I attended his SF recital last night. Good lord, I don't think I've ever witnessed such an audacious display of technique, power, and yes, poetry, and I saw Berman in his prime, Volodos, Hamelin--none came close! His program:
Schubert, Sonata A Minor, op. 143
Beethoven, Sonata F Minor #23, op. 57 (Appasionata)
Liszt, Mephisto Waltz #1, S.514
Rachmaninoff, Sonata B-flat Minor #2, op.36 Second Edition
He was not all blood and thunder, as the poetic sections sang as beautifully as anyone could wish. The treacherous left hand leaps near the end of "The Mephisto Waltz" were staggeringly fast and accurate.
He played five encores; the fourth was Scriabin's Etude Op.8 No.12, which would have made a fine, thunderous conclusion to the evening, but he whipped the audience into a frenzy with Ginzburg's arrangement of "In the Hall of the Mountain King." Now, really, I have never seen or heard anything quite like that, including his own recording on his Carnegie Hall recital CD--at the climax he seemed to have added some extra octaves or something--it just defied belief. In fact, the woman in front of me, a professional pianist based on her conversations, grabbed her face and shook her head (in a good way, I think)!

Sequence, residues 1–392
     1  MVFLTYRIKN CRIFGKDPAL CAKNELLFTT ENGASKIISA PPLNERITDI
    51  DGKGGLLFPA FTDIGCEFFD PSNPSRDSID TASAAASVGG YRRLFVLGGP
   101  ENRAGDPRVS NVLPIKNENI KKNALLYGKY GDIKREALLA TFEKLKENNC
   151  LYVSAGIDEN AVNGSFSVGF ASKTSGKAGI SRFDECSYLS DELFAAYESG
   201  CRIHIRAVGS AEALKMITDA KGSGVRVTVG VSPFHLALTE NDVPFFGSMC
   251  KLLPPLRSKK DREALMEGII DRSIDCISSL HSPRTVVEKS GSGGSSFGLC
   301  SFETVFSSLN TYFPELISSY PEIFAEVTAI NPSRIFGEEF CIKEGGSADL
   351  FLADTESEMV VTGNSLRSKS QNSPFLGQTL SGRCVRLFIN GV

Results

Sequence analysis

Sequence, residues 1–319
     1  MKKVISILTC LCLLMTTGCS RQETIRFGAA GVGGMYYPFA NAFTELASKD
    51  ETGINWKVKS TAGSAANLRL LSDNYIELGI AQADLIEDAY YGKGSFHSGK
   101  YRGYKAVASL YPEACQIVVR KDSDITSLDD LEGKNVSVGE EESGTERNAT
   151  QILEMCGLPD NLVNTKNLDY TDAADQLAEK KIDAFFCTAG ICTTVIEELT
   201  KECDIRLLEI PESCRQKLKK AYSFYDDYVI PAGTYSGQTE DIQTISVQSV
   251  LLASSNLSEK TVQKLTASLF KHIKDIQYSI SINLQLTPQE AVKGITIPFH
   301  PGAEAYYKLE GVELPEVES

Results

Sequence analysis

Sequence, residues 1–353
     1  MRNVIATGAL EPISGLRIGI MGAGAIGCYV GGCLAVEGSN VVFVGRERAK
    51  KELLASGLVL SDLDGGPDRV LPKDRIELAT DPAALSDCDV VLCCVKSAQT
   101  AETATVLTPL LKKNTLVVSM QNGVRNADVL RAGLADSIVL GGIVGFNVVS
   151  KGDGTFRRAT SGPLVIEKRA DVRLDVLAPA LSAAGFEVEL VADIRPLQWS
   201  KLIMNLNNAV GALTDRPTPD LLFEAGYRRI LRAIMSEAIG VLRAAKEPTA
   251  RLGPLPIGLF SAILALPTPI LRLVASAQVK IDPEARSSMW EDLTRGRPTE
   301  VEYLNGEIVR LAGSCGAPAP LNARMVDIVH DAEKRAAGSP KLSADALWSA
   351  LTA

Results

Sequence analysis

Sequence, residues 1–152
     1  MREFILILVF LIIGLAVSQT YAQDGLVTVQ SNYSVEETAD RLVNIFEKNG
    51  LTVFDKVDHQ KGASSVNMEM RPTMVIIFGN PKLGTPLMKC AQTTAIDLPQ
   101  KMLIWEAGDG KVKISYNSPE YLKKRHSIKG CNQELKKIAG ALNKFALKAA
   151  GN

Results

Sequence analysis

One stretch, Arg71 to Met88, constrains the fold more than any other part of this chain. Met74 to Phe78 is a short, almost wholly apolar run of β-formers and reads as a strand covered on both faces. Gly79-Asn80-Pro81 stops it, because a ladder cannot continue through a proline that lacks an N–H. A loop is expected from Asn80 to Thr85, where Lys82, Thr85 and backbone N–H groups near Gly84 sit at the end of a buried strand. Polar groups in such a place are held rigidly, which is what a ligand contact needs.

He's definitely a throw back to the "Golden Age" of pianists. I can see that some might think he hammers out the fortissimo passages too intensely, but I'll take that over the overly cautious, dainty approach of a lot players.
well, i gave the Liszt a listen and while I do not like what the conductor has done with the tempo or much of the orchestral expression, i do like his playing very much...my favorite of this piece is by Rubinstein and the CSO under the baton of Carlo Maria Giulini